Complements for intermediate learners

In grammar, complements are words, phrases, or clauses that are essential to complete the meaning of a given expression. Here, we will study them thoroughly!

"Complements" in the English Grammar

What Are Complements?

A complement is a word or group of words that completes the meaning of a sentence by providing additional information about the subject or object of the sentence. A complement can be a word, a phrase, or a clause.

Complements: Types

Generally, there are two major kinds of complements. Take a look at the following list:

Now, take a look at the following examples:

Money is everything. (Subject complement)

I caught my friend stealing. (Object complement)

Now, let us examine each separately:

Subject Complements

Subject complements (also known as predicative nominative and predicative adjectives) provide necessary information about the subject of the clause. They can be nouns, pronouns, or adjectives, and always appear after a linking verb. Study the following examples carefully:

Kim is a cartographer.

As you can see, 'cartographer' is about the subject and if we remove it, the sentence will be incomplete.

They became rock stars.

The structure below shows the order of the elements of a clause that contains a subject complement:

Subject + verb + subject complement

Subject complements can be classified into four subgroups:

  • Predicative Nouns
  • Predicative Pronouns
  • Predicative Adjectives
  • Predicative Prepositional Phrase

In this lesson, we are going to learn about 'predicative nouns' and 'predicative adjectives'.

Predicative Nouns

Predicative nouns rename or describe the subject of a clause. They always follow a linking verb. Let us take a look at some examples:

Life becomes tough sometimes.

Christianity is my religion.

Predicative Adjectives

When we want to modify the subject, we use predicative adjectives. These adjectives always follow a linking verb. Take a look at the following examples:

Her novel was awful.

This ice cream tastes sour.

Object Complements

When we want to add information to the direct object of the clause, we use object complements. Take a look at the following examples:

He made me angry yesterday.

I called her an idiot.

The structure of a sentence that contains an object complement is as follows:

Subject + verb + direct object + object complement

Object complements can be nouns, adjectives, relative clauses, infinitives, or gerunds. Below, we are going to discuss some of them:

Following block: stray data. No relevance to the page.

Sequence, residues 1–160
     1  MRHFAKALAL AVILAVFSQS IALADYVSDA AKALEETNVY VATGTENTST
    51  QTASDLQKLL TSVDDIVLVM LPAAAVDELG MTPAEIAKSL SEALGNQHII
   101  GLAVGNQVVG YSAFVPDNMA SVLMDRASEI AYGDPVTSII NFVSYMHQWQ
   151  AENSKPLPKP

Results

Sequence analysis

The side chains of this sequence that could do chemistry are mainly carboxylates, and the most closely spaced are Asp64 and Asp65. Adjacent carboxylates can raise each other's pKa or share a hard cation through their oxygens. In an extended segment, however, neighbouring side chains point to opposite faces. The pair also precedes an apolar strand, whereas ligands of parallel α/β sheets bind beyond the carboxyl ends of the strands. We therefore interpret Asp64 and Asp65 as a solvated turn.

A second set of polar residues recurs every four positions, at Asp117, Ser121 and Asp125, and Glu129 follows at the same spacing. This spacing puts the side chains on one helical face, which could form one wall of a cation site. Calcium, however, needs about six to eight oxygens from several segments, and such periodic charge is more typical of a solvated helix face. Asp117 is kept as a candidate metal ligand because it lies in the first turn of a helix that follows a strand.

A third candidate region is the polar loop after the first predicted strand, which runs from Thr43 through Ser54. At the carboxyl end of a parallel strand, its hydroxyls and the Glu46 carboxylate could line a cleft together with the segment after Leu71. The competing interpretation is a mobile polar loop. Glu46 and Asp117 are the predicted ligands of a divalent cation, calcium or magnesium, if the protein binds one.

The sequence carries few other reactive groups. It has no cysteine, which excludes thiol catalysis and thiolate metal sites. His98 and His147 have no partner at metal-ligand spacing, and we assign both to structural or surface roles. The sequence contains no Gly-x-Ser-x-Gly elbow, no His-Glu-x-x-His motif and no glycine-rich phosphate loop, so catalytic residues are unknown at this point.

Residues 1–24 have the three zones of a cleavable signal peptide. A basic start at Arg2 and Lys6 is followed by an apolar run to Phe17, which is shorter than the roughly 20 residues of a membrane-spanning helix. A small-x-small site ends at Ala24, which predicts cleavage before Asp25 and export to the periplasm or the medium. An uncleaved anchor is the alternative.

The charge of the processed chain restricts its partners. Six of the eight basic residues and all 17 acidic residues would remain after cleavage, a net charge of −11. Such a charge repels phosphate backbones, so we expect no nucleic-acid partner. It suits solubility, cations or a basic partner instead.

Nouns and Noun Phrases

There is a specific group of verbs that can take an object complement. They are known as factitive verbs and indicate the result of the action. Below is a list of some common factitive verbs:

  • Make
  • Appoint
  • Choose
  • Select
  • Judge

Now, check out the following examples:

She made her friends pasta.

The manager appointed her the head waitress.

Adjectives and Adjective Phrases

We can use adjectives or adjective phrases to describe or modify direct objects. Take a look at the following examples:

She made me overly happy.

As you can see, an adjective phrase has been used to modify the direct object.

The painter painted Anne's room blue.

Infinitives and Infinitive Phrases

We can also use an infinitive or infinitive phrase to modify a direct object. Study the following examples carefully:

I didn't ask him to help me.

She chose her sister to accompany her to the wedding.


The only difference between adjuncts and complements is that adjuncts are used when we want to add extra information to the sentence, while complements are necessary and complete the meaning of the sentence. Compare the following examples:

I named the baby Sheila.

Here, 'Sheila' is a complement because without it, the sentence will be incomplete.

I quit going to the gym long ago.

As you can see, if we remove 'long ago', the sentence would still be meaningful.


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Indirect Objects

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Objects of Prepositions

Objects of prepositions are used when we know there must be an object after the prepositions.


'Adjunct' is a word from the Latin that means 'join'. They are any elements in the structure of a clause that is not part of its core. Let's learn about them!

Subject Complements

Subject complements are placed after linking verbs. Follow the article to learn more about them.

Object Complements

Some verbs can take a nominal structure or an adjectival structure as an object complement for the direct object of the transitive verb.

Adjective Complements

Adjective Complements are clauses or phrases that give information about an adjective. In this lesson, we will learn all about them.
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